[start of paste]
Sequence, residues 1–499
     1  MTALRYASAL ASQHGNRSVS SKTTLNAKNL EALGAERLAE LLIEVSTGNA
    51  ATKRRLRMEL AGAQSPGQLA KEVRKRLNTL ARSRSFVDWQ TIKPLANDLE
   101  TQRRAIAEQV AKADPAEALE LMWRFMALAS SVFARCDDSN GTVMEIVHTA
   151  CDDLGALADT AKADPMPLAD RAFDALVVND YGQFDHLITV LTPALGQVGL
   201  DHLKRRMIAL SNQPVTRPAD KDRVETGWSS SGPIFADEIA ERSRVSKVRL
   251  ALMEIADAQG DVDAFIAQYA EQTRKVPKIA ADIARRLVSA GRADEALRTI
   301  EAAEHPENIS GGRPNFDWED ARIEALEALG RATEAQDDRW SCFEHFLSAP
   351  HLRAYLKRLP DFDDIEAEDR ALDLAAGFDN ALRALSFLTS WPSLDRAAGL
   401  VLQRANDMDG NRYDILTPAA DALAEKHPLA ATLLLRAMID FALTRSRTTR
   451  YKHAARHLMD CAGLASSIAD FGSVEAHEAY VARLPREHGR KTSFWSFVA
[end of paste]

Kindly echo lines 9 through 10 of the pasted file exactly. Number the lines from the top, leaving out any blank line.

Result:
   351  HLRAYLKRLP DFDDIEAEDR ALDLAAGFDN ALRALSFLTS WPSLDRAAGL
   401  VLQRANDMDG NRYDILTPAA DALAEKHPLA ATLLLRAMID FALTRSRTTR